a prophecy of destruction and a doom to death.

But life is activity, the soul is a motive force, self-assertion and
self-preservation are heaven's first law. Self-assertion, however, is
nothing but the operation of communicated and committed animation, and
self-preservation nothing but the postponement of the day of surrender.
Self-preservation is impossible; self-assertion is a challenge to the
assertiveness of other selves, as well as a hastener of dissolution. The
self follows its native bent, and its native impulse is for expansion;
but it thus, as a fraction, leaves, on its centrifugal path, the course
of the great world spirit from which it separates; and as both a
separate entity and a member of a community it must, in its attempt at
self-realization, meet the constraint which the community, whose only
object is likewise self-realization and self-preservation, puts upon all
within its power. The law is negative and repressive, self-interest is
positive and assertive; between the two there is no possible
reconciliation--at most a compromise--so that in the last analysis it
appears that the assertion of individual will as such is immoral, that
is, contrary to the will of the community; and is sinful, for it is not
the will of God, but the will of a particularized individual, however
godly he may be. There are differences in degree, but not in kind, among
immoralities and sins, with corresponding degrees of punitive
repression; but the potential tragic conflict is constant, and there is
as little doubt about the eminent domain of the State as about the
supremacy of God.

The laws of God are changeless and eternal, but human morality is a
local and temporal development. As the character of an individual is the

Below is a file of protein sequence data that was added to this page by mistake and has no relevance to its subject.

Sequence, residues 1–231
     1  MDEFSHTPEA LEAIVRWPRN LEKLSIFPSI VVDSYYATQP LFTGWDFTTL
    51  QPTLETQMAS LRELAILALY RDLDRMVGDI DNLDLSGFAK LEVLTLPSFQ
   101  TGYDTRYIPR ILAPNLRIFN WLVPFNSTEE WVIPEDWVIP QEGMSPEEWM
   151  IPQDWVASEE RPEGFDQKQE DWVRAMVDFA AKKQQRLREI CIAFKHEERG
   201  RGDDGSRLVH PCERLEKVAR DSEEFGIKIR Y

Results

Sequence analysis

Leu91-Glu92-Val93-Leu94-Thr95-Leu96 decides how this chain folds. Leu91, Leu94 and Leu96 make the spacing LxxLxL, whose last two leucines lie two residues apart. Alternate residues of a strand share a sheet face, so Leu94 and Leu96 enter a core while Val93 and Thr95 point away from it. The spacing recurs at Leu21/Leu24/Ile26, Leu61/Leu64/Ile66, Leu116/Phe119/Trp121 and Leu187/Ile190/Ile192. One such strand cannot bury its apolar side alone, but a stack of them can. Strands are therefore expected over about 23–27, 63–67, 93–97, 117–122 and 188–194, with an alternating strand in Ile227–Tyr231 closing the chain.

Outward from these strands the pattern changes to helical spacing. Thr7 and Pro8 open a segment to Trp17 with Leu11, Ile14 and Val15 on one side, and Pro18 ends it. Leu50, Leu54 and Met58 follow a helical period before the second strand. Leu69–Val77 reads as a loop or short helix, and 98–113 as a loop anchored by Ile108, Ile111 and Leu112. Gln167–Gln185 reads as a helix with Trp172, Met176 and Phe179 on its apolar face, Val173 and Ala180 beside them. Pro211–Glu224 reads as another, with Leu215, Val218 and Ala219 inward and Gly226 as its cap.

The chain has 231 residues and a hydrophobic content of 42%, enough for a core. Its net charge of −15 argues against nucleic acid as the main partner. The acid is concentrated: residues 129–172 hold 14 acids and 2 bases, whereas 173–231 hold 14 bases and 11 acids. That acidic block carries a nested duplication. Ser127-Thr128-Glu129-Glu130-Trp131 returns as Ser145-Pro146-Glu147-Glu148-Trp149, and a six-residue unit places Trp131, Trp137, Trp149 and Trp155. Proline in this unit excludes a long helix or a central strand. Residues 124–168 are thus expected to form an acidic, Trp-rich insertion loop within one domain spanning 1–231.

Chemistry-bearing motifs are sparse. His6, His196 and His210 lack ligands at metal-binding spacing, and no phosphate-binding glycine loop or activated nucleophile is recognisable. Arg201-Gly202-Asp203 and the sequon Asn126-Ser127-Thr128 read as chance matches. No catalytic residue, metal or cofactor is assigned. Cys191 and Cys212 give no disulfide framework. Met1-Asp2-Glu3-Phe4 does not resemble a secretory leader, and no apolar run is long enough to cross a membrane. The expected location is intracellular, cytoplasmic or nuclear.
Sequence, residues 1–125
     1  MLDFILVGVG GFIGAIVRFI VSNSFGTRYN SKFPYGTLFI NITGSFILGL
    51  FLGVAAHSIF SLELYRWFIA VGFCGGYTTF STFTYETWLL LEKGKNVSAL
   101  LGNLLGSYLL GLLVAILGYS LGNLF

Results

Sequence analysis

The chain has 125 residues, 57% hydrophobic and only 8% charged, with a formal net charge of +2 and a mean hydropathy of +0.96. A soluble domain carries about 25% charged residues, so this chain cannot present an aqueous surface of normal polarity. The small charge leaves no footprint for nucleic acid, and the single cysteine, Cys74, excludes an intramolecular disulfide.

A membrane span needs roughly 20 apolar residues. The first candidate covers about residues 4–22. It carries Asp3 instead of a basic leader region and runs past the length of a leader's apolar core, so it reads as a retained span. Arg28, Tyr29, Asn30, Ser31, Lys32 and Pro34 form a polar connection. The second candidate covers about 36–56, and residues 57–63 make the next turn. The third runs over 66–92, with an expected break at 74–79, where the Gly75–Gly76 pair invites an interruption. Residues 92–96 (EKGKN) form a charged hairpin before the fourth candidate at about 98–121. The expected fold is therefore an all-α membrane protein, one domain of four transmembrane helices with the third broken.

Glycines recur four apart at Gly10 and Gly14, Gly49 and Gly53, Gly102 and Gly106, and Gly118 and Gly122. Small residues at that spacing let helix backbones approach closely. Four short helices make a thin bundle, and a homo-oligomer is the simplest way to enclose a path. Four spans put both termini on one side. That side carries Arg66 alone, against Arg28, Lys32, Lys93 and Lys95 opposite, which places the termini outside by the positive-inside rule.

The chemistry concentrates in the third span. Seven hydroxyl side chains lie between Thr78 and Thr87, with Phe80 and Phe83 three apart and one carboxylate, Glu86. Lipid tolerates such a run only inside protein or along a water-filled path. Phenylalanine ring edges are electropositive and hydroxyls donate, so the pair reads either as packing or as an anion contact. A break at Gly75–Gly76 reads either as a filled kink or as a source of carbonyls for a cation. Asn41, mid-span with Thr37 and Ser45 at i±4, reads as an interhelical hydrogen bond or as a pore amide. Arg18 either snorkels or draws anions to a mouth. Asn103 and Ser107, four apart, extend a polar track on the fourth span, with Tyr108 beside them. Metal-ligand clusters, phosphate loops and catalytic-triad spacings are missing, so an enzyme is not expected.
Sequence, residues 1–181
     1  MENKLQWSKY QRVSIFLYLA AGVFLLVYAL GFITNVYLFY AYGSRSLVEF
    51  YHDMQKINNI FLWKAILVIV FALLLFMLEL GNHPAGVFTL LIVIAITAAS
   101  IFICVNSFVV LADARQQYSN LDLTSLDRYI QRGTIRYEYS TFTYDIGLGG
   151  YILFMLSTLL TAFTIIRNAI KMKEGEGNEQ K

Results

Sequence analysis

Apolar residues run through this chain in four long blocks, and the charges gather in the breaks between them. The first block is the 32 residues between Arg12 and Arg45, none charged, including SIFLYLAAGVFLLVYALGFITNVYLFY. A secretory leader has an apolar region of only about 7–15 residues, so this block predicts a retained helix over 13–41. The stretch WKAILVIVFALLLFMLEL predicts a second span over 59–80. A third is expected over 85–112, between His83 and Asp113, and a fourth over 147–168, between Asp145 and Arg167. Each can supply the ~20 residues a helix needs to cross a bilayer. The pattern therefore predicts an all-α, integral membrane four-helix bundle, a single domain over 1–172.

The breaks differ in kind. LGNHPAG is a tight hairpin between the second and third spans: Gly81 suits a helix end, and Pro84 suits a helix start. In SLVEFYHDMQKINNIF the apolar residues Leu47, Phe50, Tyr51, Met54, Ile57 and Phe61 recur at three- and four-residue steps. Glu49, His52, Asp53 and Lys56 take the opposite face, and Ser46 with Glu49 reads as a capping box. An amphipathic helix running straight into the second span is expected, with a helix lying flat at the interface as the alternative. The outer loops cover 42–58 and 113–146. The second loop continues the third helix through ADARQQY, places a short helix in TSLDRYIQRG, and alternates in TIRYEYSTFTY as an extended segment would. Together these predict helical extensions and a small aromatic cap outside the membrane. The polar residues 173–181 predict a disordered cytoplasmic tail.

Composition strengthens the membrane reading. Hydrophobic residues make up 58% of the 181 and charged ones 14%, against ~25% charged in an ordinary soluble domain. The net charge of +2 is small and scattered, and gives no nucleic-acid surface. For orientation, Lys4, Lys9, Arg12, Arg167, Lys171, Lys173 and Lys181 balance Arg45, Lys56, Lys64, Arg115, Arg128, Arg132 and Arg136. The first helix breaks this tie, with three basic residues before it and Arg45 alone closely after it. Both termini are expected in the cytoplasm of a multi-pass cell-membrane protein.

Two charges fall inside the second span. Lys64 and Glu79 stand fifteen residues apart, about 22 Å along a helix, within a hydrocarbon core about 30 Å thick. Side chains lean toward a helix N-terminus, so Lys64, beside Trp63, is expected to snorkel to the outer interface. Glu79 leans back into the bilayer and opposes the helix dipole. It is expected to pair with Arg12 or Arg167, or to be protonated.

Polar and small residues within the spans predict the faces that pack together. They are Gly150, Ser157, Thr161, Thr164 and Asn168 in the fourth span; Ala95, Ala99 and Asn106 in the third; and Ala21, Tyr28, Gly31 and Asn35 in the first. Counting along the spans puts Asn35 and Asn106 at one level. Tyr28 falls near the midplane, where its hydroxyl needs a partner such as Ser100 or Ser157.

product of disposition and experience, so his fate is humanly determined
by the particular forms of custom and law established in the community
in which his lot is cast. But these change from time to time, and in
periods of change the disparity between public and private interest is
most conspicuous: the progressive individual bears not only the burden
of proof but also the dead weight of public inertia. Only at infinity
can the parallel antithetical interests coincide. Nevertheless, the
world gradually effects self-correction by the evolution of new
syntheses from the thesis and antithesis ever and anon presented for
trial and judgment as between liberal and conservative forces.

Hebbel's drama, then, is the representation of a process, the process of
life, by which things come into being. It reveals the individual in the
making, and discusses the validity of the institutions that condition
his life or cause his death. There is no question of guilt and
atonement. Protagonist and antagonist are right, each in his way and
from his point of view; the conflict may arise from excess of goodness
as well as from excess of evil; but the representative of the whole